Tasso, Turin, and the Holy Shroud
At the end of the original score of the Variations, Elgar quotes from the epic Christian poem La Gerusalemme liberate (Jerusalem Delivered) by Torquato Tasso. One of my most popular articles describes the very special connection between Tasso and the Holy Shroud on its arrival to the city of Turin in 1578. For a person of Elgar’s literary breadth and sensitivity, the Tasso quote serves as yet another marker of his Shroud epiphany.
Elgar's Veiled Dancer
Elgar once said if the Variations were a ballet, the Enigma Theme should be represented by “a veiled dancer.” A veil is a piece of cloth used to cover or conceal the body, usually the face. In a similar fashion, a shroud is a cloth that covers or conceals the body before burial. Some interpret Elgar's reference to a veiled dancer as a suggestion the hidden friend from Variation XIII was a woman. On the contrary, multiple veiled references to the Turin Shroud within the Variations confirm his special friend is not to a lady, but a lord – the Lord.
The Enigma Locks Cipher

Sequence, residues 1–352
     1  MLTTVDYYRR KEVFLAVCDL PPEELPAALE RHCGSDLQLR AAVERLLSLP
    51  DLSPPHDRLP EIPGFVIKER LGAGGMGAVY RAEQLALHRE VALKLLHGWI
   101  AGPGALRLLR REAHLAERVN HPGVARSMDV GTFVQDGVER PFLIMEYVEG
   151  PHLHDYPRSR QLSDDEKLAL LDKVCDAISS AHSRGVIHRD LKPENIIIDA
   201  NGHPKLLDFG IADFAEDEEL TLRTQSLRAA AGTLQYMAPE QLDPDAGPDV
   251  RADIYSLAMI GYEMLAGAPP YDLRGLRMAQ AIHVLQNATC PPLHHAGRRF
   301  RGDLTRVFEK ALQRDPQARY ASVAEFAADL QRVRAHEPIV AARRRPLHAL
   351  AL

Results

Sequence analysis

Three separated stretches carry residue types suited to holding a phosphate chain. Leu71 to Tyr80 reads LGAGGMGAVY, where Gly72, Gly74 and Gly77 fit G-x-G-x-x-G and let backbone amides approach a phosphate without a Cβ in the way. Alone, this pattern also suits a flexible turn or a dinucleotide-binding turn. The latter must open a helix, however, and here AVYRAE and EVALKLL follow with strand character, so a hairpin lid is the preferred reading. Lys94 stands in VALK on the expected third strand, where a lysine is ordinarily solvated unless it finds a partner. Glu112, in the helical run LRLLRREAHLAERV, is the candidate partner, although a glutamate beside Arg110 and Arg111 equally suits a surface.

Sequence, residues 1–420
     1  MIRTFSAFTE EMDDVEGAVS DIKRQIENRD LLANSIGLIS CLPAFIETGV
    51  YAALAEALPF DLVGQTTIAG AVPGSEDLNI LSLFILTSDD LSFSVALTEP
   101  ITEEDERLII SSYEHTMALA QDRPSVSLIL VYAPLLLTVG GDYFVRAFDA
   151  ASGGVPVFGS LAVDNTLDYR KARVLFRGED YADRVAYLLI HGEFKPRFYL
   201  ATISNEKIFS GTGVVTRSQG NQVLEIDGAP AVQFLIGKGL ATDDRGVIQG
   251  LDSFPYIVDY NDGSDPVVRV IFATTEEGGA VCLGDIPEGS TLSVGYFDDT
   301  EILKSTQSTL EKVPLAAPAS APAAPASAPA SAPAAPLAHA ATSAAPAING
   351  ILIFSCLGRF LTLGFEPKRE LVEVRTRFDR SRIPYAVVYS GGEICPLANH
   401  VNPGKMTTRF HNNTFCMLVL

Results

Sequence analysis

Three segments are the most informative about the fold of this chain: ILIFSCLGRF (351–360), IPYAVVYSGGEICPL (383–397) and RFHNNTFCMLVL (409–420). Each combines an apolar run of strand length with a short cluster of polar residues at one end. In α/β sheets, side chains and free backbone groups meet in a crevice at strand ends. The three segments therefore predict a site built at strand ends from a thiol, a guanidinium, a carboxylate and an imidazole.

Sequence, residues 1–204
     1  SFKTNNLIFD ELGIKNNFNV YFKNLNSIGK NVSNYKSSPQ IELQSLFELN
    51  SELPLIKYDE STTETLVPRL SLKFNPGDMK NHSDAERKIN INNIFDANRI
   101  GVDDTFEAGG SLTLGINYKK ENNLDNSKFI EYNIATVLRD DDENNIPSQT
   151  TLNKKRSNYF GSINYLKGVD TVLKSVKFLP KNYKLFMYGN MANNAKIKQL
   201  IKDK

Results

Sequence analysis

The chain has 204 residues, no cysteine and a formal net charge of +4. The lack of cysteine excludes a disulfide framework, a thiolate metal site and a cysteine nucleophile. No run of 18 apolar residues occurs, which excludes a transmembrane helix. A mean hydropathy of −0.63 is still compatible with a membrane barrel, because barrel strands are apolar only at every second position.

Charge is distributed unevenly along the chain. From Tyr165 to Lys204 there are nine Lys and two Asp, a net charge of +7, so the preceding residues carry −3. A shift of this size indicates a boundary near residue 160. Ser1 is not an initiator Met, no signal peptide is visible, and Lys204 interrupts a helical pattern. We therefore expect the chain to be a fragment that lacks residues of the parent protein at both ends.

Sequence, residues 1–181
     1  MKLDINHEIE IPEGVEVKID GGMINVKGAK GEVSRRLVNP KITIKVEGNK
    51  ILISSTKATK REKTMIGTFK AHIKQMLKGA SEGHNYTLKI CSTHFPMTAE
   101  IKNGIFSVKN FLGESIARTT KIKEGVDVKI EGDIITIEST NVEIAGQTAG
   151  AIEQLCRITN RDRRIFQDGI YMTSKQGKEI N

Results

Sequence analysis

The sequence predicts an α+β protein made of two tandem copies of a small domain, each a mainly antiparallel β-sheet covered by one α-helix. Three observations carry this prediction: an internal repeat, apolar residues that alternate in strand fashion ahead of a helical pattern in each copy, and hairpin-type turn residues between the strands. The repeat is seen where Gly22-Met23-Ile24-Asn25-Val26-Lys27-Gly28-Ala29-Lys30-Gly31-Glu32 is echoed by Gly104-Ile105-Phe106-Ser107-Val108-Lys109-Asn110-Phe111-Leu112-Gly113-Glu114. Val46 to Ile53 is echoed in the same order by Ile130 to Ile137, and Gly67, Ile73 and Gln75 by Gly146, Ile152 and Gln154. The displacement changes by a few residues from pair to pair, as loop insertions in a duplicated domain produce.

The opening six measures of the Enigma Theme contain an intriguing cipher based on the number of notes played by each section of the string quartet. When all notes performed by first and second violins, violas and cellos are tabulated over the first six measures of the Enigma Theme, the following sums are realized: 24, 17, 15, and 12. When these note totals are converted into their alphabetical equivalents (1 = A, 2 = B, 3 = C, etc.), they produce the plain text solution “LOQX”. This is phonetic for the term locks. Locks have keys, and so do pianos . . . ciphers. When the same conversion process is applied to the alphabet in reverse order (1 = Z, 2 = Y, 3 = X, etc.), it generates the plain text “CJLO”. This is an anagram of “LOJC”. Lo is a common biblical term meaning to look, see, or behold. “JC” is the initials for Jesus Christ, the secret friend of Variation XIII. “LOJC” may therefore be interpreted to mean “Behold Jesus Christ.” Combining both solution sets of plain text counting in the alphabet from the beginning (the Alpha) and the end (the symbolic Omega) produces “LOQXLOCJ”. This is an anagram for “LOOX LQ JC”, a phonetic rendering of the phrase “Looks like JC”. What looks like Jesus Christ? For many devout Roman Catholics, there can be only one compelling answer: The Turin Shroud. To learn more about the secrets of the Enigma Variations, read my free eBook Elgar’s Enigmas Exposed.